Jobs Statistics Report Offer Fuel for Both Sides

Published: November 3, 2006
Businesses reported adding just 92,000 workers to their payrolls in October, a sign that job growth is starting to slow, the Labor Department reported today. But the department also reported, based on its monthly survey of households, that the unemployment rate fell to 4.4 percent, a five-year low.

The pace of job creation fell short even of the 138,000-a-month average pace of the last six months, the statistics show. Economists say that at least 150,000 new jobs are needed every month just to keep up with population growth.. . . .

Of course the New York Times failed to emphasize this (from AP):

Employers added 148,000 jobs in September, versus the 51,000 first reported. Payrolls grew by a robust 230,000 in August, stronger than the 188,000 slots previously recorded. . . . .

I guess that it would undercut their story line.

Bloomberg taking away concealed handgun permits from New Yorkers

The city should slash the number of people who are allowed to carry concealed weapons, Mayor Bloomberg said yesterday.

"We've taken a look at it to see whether we couldn't have fewer," Bloomberg said. "I can tell you one thing: We will keep it to as a minimum as we possibly can."
Bloomberg added that he has asked Police Commissioner Ray Kelly to tackle the issue. . . . .

OK, Mayor name me one single case in NYC where a permit holder has caused a problem. The problem with NYC permits is that they are issued only to the most well to do people. 38,544 New York City residents have permits. Does Bloomberg ever bring up any evidence for his anti-gun positions?


Bob Casey doesn't get it

Will Bob Casey Jr.'s Senate campaign suffer for his defense of Kerry? With many Democrats calling for Kerry to apologize, Casey isn't one of them.

"John Kerry is not only a great leader for the Democratic party and a great U.S. senator, but he's a patriot," Casey said after a morning political rally in Allentown. "He said he botched a joke and I think that is the beginning and the end of it. He was talking about the president and I think he has every right to criticize this president."

Casey's comments came just hours before the Democratic candidate was scheduled to appear at a rally with Kerry in Philadelphia. Kerry canceled that appearance this morning. Kerry spokesman David Wade said in a statement that Kerry didn't want to "allow the Republican hate machine to use Democratic candidates as proxies is the distorted spin war." . . . .

John O'Neil sees it this way:
Bob Casey’s decision to stand with John Kerry and attempt to explain away this appalling statement represents a disgraceful disregard for our troops and their families. Not only should Mr. Casey apologize for his blind partisanship, he should forcefully repudiate John Kerry’s remarks and issue a statement of support to our men and women in uniform who are bravely serving in Harm’s Way.” . . . .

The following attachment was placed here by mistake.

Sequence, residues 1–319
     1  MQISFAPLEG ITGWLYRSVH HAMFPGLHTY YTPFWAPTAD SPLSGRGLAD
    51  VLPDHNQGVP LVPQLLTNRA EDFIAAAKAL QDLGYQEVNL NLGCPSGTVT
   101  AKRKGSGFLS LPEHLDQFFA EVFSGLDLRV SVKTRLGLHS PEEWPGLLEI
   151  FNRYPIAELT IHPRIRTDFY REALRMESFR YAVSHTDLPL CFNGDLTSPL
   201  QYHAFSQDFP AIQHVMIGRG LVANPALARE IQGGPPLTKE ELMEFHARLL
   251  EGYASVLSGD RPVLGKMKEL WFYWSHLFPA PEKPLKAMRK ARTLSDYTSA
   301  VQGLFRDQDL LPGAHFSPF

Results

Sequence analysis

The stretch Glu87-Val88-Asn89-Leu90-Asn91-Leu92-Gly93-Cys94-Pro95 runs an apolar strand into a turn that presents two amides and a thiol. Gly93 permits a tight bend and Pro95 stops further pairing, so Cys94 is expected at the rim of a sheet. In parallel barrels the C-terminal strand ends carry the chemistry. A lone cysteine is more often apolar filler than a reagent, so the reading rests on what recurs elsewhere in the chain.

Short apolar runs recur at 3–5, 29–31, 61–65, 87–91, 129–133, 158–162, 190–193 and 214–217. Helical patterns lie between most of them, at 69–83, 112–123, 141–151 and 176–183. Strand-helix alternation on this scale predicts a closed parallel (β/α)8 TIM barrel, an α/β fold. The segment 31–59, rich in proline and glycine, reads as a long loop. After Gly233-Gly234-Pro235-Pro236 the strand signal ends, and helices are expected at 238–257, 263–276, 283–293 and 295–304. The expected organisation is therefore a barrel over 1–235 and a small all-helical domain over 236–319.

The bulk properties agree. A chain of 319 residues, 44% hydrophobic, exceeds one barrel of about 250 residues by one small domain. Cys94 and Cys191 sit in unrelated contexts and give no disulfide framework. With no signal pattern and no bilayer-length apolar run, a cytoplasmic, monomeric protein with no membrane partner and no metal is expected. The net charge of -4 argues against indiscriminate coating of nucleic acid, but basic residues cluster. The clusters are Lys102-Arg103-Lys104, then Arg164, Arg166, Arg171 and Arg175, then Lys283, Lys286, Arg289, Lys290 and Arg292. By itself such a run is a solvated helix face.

Going after Ann Coulter, Isn't this the same prosecutors who went after Rush Limbaugh?

This is amazing. I bet the number of previous prosecutions on the violation that they are considered against Ann Coulter is zero. I bet that they have never even seriously considered going after someone else on this. Of course, in Rush's case the same thing was true. They had never prosecuted a similar case previously, but that didn't stop the prosecutor from making an example of Rush. This is pretty scary when you have these politically motivated prosecutions.

WEST PALM BEACH, Fla. — Conservative columnist Ann Coulter has refused to cooperate in an investigation into whether she voted in the wrong precinct, so the case will probably be turned over to prosecutors, Palm Beach County's elections chief said Wednesday.

Elections Supervisor Arthur Anderson said his office has been looking into the matter for nearly nine months, and he would turn over the case to the state attorney's office by Friday.

Coulter's attorney did not immediately return a call Wednesday. Nor did her publicist at her publisher, Crown Publishing.

Knowingly voting in the wrong precinct is a felony punishable by up to five years in prison. . . . .


"Buy A Truck, Get A Gun: Promotion Has Residents Up In Arms"

"I was disgusted with the fact that somebody would actually offer a weapon as an incentive to purchase anything let alone a car," said Hampton.

Why is it more disgusting to offer this with a car? I have no clue. My guess is that if she doesn't want the gun, the dealer will give her the cash equivalent to put forward for the car.

That's the new promotion at one Chester County auto dealership, and it has some resident's up-in arms.

They want it stopped, and similar promotions banned for good.

Anabella Hampton says the promotion goes beyond irresponsible with the Nickel Mines shooting fresh on people's minds.